It was Mitt Romney's turn in the barrel for the New York Times' recurring front-page political profile feature, "The Long Run." Walmart-hostile reporter Michael Barbaro  did the honors Saturday, scouring the former Massachusetts' governor's former associates and rivals in the Boston statehouse and devoting nearly 2,000 words to the same "sometimes awkward style and aloof manner" criticism that the Times has been uncovering for the last several months : "Legislators Recall Governor Who Didn't Mingle ."
Well into Mitt Romney’s tenure as governor of Massachusetts, a state legislator named Jay Kaufman developed a nagging suspicion: the governor had no idea who he was.
A committee chairman and a veteran Democrat in the State House of Representatives, Mr. Kaufman routinely waved to Mr. Romney from his capitol office, right above the governor’s parking spot. But when he crossed Mr. Romney’s path in the building’s marble corridors one day, his fears were confirmed.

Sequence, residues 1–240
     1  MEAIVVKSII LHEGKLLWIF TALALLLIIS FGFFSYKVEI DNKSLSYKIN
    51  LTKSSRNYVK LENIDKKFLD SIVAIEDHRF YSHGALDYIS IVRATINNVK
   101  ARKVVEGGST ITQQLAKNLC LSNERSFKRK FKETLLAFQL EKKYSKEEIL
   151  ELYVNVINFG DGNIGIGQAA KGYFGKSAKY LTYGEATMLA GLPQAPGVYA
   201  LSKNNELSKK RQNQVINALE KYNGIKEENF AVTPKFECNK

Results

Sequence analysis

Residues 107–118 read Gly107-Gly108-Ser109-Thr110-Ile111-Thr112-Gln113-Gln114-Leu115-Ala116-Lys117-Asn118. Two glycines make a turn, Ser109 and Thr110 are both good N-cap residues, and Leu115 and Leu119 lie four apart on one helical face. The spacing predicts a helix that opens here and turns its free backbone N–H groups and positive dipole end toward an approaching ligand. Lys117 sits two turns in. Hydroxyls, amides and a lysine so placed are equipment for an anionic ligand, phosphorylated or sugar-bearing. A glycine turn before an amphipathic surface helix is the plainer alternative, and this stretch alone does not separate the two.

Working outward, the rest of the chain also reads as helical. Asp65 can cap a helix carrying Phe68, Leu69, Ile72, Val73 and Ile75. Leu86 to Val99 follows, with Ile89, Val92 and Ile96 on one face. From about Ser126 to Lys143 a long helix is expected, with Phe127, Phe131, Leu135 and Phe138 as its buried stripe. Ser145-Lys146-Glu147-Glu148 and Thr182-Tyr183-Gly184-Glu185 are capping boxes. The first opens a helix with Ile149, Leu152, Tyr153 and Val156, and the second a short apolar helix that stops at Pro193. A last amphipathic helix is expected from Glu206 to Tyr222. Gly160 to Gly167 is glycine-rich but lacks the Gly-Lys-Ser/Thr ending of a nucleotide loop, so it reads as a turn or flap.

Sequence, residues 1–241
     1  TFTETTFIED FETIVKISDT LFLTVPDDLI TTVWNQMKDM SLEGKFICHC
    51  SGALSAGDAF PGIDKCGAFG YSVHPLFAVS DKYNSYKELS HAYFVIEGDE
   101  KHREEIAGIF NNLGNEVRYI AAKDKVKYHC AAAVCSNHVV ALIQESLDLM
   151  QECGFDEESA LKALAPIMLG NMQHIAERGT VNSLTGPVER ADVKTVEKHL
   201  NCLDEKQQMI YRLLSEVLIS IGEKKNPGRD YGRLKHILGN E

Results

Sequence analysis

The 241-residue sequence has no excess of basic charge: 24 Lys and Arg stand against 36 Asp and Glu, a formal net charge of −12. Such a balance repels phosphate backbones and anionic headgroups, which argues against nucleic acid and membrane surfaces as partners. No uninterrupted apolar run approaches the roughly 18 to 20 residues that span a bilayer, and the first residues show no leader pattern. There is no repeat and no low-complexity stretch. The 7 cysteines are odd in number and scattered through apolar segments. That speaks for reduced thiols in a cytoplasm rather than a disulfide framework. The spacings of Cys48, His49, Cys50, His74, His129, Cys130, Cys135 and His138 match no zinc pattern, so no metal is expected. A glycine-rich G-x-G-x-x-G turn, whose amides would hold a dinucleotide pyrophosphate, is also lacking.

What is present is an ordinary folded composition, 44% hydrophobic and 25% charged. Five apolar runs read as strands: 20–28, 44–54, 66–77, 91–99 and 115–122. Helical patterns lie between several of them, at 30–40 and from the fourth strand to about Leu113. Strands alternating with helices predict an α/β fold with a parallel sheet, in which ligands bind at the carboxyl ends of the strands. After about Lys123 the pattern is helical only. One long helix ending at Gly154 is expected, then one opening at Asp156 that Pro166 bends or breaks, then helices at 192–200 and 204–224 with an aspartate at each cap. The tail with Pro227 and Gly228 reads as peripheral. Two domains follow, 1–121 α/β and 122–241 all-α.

“Hello, Senator,” Mr. Romney called to Mr. Kaufman.
Sitting in his office five years later, Mr. Kaufman still seemed wounded by the slight. “No name, wrong title,” he said. “Give me a break.”
Accidental promotions and demotions like that became common during Mr. Romney’s four years in office. Despite prodding from his aides, a governor renowned for his mastery of facts and figures never memorized the names and faces of state politicians.
“It was very irritating to lawmakers,” acknowledged John O’Keefe, Mr. Romney’s former director of legislative affairs. “It was hard to explain.”
Mr. Romney’s struggle to tamp down resurgent opponents and secure the Republican presidential nomination, highlighted by his uneven performance on Super Tuesday, is bringing renewed focus to his sometimes awkward style and aloof manner, which have hampered his ability to connect with some voters. A review of his time as governor shows that those traits affected his relationship with another crucial constituency: the Massachusetts lawmakers he needed to pass legislation.